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              • #8
                I think if you're scoring 70s at 4th level (particularly if you're getting over 70% at 4th Level Test 3), you have nothing to worry about. I find the PSG test easier than some of 4th. Just remember that not all judges score consistently anyway, the same test could be a 66.5% with one judge and a 70% with another - just focus on riding the cleanest test you can, go for the experience to see what you can do as a baseline, and use the helpful feedback to improve.

                I'd say your first time out at any level, particularly an FEI class, should just be "we're here to try this and get it done". I wouldn't go to a show if I wasn't confident I could break 60%, since otherwise I wouldn't feel really confirmed in my movements/training anyway. Other than that, you need some baseline to improve on anyway!
                Mr. Sandman
                sand me a man
                make him so sandy
                the sandiest man

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                • #9
                  Originally posted by the sandiest shoes View Post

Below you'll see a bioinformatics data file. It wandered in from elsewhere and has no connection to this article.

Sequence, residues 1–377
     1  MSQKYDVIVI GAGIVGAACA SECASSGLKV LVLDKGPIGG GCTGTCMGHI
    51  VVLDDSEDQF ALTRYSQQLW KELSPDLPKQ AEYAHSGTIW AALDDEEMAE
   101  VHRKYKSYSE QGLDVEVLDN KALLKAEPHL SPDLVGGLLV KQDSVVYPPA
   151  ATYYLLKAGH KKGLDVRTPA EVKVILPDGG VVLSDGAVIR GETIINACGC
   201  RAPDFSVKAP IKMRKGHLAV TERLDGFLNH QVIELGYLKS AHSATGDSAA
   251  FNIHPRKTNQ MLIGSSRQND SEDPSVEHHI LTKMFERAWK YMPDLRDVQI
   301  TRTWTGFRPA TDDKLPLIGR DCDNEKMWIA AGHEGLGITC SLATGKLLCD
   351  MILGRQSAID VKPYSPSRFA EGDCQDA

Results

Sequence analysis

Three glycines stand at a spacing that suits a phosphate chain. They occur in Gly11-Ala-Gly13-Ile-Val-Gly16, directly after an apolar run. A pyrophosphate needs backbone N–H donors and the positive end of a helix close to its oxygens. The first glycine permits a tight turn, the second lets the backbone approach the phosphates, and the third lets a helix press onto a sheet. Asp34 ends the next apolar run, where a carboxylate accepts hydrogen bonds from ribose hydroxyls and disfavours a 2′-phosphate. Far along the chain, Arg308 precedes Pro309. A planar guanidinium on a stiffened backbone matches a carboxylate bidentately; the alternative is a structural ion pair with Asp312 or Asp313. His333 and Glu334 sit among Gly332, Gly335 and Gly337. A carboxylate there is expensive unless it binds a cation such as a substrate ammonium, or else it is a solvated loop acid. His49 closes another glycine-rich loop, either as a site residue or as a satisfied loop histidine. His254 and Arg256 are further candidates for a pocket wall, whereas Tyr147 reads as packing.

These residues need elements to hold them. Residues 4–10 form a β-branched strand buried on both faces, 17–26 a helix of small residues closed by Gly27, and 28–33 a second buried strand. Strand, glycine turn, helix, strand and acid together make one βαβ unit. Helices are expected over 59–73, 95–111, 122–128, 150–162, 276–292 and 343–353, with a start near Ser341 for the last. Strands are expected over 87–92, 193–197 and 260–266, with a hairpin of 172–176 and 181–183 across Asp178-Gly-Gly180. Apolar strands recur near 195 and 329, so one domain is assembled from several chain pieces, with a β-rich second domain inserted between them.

I wouldn't go to a show if I wasn't confident I could break 60% (...)
                  I see it like that as well.
                  I only show at a level if I feel I could score 60+.

                  I might have a shitty ride... but technically, I wait until I’m strong enough before showing; enough to be able to deal with my horse’s shenanigans.

                  How would you score your movements in your PSG?

                  ~ Enjoying some guac and boxed wine at the Blue Saddle inn. ~

                  Originally posted by LauraKY
                  I'm sorry, but this has "eau de hoarder" smell all over it.
                  HORSING mobile training app

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                  • #10
                    Originally posted by the sandiest shoes View Post
                    I wouldn't go to a show if I wasn't confident I could break 60%, since otherwise I wouldn't feel really confirmed in my movements/training anyway. Other than that, you need some baseline to improve on anyway!
                    I agree with this, as well. Granted, one never knows what's going to happen at a show, and things can go many different ways -- within the same test, lol -- but unless I feel confident that if nothing goes terribly wrong I can ride a respectable test that will get a score of 60% or better, I don't ride that test at a show. I measure this by how it's going at home. If we're schooling really well, I'm confident that we have the goods to score well at a show. The outcome is unpredictable, but if we're prepared, we are in good shape entering at A.